Journal of Geographical Sciences ›› 2011, Vol. 21 ›› Issue (2): 274-284.doi: 10.1007/s11442-011-0844-7

• Climate Change and Disasters • Previous Articles     Next Articles

Community-based scenario modelling and disaster risk assessment of urban rainstorm waterlogging

YIN Zhan’e1, YIN Jie2, XU Shiyuan2, WEN Jiahong1   

  1. 1. Geography Dept. of Shanghai Normal University, Shanghai 200234, China;
    2. Geography Dept. of East China Normal University, Shanghai 200062, China
  • Received:2010-10-20 Revised:2010-11-28 Online:2011-04-15 Published:2011-04-15
  • Supported by:

    National Nature Science Foundation of China, No.41071324; No.40730526; Key Subject Developing Project by Shanghai Municipal Education Commission, No.J50402; Science and Technology Commission of Shanghai Municipality, No.08240514000; Leading Academic Discipline Project of Shanghai Normal University, No.DZL809


Scenario modelling and the risk assessment of natural disasters is one of the hotspots in disaster research. However, up until now, urban natural disaster risk assessments lack common procedures and programmes. This paper selects rainstorm waterlogging as a disaster to research, which is one of the most frequently occurring hazards for most cities in China. As an example, we used a small-scale integrated methodology to assess risks relating to rainstorm waterlogging hazards in the Jing’an District of Shanghai. Based on the basic concept of disaster risk, this paper applies scenario modelling to express the risk of small-scale urban rainstorm waterlogging disasters in different return periods. Through this analysis of vulnerability and exposure, we simulate different disaster scenarios and propose a comprehensive analysis method and procedure for small-scale urban storm waterlogging disaster risk assessments. A grid-based Geographical Information System (GIS) approach, including an urban terrain model, an urban rainfall model and an urban drainage model, was applied to simulate inundation area and depth. Stage-damage curves for residential buildings and contents were then generated by the loss data of waterlogging from field surveys, which were further applied to analyse vulnerability, exposure and loss assessment. Finally, the exceedance probability curve for disaster damage was constructed using the damage of each simulated event and the respective exceedance probabilities. A framework was also developed for coupling the waterlogging risk with the risk planning and management through the exceedance probability curve and annual average waterlogging loss. This is a new exploration for small-scale urban natural disaster scenario simulation and risk assessment.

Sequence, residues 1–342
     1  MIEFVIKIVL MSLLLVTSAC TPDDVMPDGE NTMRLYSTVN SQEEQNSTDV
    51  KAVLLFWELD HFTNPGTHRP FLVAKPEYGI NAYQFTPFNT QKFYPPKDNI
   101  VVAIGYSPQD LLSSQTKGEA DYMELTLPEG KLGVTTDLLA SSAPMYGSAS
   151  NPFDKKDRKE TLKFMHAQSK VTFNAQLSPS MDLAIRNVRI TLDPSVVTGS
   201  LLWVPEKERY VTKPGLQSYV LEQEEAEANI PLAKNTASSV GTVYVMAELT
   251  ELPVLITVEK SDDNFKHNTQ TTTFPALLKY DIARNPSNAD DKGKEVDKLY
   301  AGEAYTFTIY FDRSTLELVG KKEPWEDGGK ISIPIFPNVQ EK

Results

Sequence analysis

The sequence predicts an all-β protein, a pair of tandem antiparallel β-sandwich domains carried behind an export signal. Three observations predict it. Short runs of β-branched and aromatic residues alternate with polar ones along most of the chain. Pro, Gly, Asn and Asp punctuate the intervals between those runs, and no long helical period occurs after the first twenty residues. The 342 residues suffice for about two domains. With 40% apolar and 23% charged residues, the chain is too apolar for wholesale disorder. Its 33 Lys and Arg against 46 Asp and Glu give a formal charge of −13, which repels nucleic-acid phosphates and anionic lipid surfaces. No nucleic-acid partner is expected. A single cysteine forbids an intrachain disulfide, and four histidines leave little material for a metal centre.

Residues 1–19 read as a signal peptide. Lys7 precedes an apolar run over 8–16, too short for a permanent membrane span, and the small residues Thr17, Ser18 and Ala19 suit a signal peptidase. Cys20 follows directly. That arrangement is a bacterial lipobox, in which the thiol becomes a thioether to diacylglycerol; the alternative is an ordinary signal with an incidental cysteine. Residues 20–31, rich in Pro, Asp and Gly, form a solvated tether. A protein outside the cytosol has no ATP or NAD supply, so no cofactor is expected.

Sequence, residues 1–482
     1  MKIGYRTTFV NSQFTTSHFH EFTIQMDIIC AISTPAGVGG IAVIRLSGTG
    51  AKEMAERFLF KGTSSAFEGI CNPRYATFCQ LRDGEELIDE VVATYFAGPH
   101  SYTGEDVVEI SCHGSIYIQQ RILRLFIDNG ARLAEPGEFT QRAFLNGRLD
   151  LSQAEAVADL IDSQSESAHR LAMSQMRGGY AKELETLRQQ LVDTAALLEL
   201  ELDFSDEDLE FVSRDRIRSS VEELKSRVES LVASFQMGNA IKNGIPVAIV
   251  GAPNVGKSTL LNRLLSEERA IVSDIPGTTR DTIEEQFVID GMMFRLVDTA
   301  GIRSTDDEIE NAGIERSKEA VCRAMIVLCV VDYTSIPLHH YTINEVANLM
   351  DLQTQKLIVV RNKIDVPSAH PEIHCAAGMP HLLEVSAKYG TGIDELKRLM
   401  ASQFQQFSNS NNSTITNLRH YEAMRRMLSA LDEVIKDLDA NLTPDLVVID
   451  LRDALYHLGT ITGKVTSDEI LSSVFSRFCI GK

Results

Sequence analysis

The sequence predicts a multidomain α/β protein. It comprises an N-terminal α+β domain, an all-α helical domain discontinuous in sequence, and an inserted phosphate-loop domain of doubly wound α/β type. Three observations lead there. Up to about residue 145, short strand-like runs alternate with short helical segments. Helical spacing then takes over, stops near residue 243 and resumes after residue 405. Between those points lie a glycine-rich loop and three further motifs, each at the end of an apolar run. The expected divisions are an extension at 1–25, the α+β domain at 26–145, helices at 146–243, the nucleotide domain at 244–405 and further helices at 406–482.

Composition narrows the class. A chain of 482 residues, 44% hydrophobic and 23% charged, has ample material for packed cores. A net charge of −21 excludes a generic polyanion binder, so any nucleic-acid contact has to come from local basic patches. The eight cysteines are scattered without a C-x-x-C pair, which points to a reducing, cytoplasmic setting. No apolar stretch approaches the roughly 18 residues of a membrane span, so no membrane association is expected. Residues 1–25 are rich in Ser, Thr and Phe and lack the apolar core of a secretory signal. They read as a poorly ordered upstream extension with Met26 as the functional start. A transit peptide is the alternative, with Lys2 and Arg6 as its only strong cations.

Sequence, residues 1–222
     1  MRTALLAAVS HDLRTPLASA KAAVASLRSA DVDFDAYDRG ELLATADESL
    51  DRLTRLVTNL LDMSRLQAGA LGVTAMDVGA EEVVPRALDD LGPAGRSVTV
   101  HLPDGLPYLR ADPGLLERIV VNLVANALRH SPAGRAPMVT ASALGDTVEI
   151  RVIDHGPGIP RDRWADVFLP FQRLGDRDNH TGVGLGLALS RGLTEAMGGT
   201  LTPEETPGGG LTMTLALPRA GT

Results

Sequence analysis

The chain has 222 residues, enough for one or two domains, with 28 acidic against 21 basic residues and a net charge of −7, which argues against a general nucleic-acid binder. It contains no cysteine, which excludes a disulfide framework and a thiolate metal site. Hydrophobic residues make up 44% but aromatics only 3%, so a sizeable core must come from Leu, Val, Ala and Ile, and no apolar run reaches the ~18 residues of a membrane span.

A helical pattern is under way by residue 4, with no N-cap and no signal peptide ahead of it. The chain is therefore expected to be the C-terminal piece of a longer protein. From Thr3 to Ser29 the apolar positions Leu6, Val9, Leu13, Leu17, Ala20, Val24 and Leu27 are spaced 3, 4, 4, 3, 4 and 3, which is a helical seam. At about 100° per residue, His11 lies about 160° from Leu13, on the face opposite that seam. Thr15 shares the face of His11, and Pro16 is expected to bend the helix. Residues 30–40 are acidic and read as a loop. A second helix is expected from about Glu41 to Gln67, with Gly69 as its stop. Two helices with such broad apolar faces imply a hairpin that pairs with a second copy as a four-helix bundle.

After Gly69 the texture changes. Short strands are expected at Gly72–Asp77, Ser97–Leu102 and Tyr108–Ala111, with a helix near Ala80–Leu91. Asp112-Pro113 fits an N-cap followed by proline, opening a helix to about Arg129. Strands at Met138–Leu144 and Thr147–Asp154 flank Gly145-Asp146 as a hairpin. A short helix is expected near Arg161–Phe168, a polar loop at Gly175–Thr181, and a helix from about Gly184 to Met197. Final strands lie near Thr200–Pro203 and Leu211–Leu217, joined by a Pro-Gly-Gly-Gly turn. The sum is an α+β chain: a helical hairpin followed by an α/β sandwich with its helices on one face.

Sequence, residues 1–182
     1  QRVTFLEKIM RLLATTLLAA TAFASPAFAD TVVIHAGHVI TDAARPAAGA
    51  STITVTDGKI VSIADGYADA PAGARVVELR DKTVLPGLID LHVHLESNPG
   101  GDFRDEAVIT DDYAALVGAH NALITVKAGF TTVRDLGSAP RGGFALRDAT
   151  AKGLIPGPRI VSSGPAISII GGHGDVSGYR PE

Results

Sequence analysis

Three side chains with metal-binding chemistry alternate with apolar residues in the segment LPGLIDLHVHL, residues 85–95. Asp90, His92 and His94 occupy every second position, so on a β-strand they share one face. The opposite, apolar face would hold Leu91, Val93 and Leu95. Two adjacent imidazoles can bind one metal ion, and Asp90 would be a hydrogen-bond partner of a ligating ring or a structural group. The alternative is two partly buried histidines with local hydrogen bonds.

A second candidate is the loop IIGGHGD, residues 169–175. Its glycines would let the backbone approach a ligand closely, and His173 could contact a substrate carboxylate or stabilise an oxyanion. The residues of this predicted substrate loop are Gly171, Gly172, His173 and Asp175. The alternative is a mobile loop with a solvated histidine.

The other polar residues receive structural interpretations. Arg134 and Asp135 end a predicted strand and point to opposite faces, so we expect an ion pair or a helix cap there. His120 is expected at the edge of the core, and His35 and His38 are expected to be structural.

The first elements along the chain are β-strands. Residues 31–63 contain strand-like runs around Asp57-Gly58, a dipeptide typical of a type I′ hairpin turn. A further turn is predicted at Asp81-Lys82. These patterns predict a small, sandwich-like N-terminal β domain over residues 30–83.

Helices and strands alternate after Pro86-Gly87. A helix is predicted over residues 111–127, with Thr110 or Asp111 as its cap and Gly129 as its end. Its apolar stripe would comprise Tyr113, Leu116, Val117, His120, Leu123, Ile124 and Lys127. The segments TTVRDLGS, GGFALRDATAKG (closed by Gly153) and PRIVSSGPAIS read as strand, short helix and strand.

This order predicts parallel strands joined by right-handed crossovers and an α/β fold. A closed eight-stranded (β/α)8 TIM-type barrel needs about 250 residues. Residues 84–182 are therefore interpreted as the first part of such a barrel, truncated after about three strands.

Key words: scenario modelling, small-scale, rainstorm waterlogging, disaster risk assessment, Shanghai